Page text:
Radar as a means of detection has been around for over 60 years, and although technology has become immensely more sophisticated than it was in the 1930's, the basic requirement remains the same--to measure the range, bearing, and other attributes of a target. Regardless of whether the system is land-based, shipborne, airborne, or spaceborne, this remains true since whatever the target may be, aircraft, ship, land vehicles, pedestrians, land masses, precipitation, oceans--all provide returns of the transmitted radar energy. What has changed dramatically is the system design, the method and speed of processing the return radar signals, the amount of information which can be obtained, and the way that the information is displayed to the operator. The key to modern radar systems is the digital computer and its data processing capability which can extract a vast amount of information from the raw radar signals and present this information in a variety of graphic and alphanumeric ways on displays as well as feeding it direct to weapon systems. It also enables the systems to carry out many more tasks such as target tracking and identification. In addition, modern signal processors provide adaptive operation by matching the waveform to the environment in which the radar is operating.
Much of the development effort over the past 50 years has been aimed at a number of operational requirements: improvements in the extraction of return signals from the background of noise, provision of more information to the operator, improvement of displays, and increased automation. Other developments have responded to the increasing operational requirements for radars to operate in a hostile electromagnetic environment. It is no longer enough to provide only bearing and range information; to this must be added altitude information, the ability to track a large number of moving targets, including airborne targets at supersonic and hypersonic speeds and to carry out normal surveillance at the same time. The latest shipborne surveillance and tracking radars, and some land-based systems, are designed to allocate the threat priority to incoming targets and guide weapons against them on this basis.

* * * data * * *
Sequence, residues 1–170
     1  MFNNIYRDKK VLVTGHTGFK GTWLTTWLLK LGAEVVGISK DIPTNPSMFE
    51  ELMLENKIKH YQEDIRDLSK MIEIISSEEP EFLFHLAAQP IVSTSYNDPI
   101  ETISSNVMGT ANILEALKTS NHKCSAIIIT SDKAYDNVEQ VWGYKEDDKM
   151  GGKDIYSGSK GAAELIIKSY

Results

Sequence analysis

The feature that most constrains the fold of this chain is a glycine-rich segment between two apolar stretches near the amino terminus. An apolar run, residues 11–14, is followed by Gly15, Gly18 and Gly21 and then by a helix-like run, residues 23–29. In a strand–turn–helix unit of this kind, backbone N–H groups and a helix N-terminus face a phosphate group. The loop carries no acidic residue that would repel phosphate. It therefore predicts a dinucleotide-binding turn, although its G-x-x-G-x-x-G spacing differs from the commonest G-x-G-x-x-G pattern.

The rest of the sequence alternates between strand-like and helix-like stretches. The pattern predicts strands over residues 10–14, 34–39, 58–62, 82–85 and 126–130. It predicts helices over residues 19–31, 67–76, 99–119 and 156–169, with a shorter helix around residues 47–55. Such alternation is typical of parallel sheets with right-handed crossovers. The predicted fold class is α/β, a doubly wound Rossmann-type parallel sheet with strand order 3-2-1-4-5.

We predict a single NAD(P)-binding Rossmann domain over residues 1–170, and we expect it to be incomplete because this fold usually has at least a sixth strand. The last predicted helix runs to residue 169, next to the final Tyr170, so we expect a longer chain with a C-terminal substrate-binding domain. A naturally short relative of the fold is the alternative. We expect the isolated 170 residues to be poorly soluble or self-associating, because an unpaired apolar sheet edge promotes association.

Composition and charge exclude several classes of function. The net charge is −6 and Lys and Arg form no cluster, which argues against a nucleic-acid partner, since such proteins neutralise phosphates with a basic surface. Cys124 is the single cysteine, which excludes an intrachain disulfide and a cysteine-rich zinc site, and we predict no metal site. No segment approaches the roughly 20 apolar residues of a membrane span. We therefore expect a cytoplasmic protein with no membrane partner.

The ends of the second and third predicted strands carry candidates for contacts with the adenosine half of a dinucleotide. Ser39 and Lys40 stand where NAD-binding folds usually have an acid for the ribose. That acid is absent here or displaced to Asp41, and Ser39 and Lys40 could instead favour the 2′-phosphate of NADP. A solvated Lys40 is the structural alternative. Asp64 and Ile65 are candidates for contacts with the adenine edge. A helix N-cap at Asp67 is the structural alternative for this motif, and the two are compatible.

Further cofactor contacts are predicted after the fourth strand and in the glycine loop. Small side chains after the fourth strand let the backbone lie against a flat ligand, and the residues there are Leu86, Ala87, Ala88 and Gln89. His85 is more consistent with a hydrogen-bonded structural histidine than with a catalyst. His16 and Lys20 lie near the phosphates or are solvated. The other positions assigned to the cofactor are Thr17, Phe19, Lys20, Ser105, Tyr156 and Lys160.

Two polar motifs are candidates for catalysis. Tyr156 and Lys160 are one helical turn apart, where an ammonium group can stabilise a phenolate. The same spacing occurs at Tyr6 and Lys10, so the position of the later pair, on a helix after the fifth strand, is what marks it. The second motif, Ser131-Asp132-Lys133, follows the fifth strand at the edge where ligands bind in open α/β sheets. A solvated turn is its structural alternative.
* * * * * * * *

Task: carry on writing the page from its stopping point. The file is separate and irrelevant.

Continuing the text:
Tracking Radars continuously follows a single target in angle (azimuth and elevation) and range to determine its path or trajectory, and to predict its future position. The single-target tracking radar provides target location almost continuously. A typical tracking radar might measure the target location at a rate of 10 times per second. Range instrumentation radars are typical tracking radars. Military tracking radars employ sophisticated signal processing to estimate target size or identify specific characteristics before a weapon system is activated against them. These radars are sometimes referred to as fire-control radars. Tracking radars are primarily used by the Army, Navy, Air Force, NASA, and DOE.
There are two different Track-While-Scan (TWS) radars. One is more or less the conventional air surveillance radar with a mechanically rotating antenna. Target tracking is done from observations made from one rotation to another. The other TWS radar is a radar whose antenna rapidly scans a small angular sector to extract the angular location of a target. The Army, Navy, Air Force, NASA, and FAA are primary user of TWS radars.
Conventional air surveillance radar measures the location of a target in two dimensions-range and azimuth. The elevation angle, from which target height can be derived, also can be determined. The so-called 3-D radar is an air surveillance radar that measures range in a conventional manner but that has an antenna which is mechanically or electronically rotated about a vertical axis to obtain the azimuth angle of a target and which has either fixed multiple beams in elevation or a scanned pencil beam to measure its elevation angle. There are other types of radar (such as electronically scanned phased arrays and tracking radars) that measure the target location in three dimensions, but a radar that is properly called 3-D is an air surveillance system that measures the azimuth and elevation angles as just described. The use of 3-D radars is primarily by the Army, Navy, Air Force, NASA, FAA, USCG, and DOE.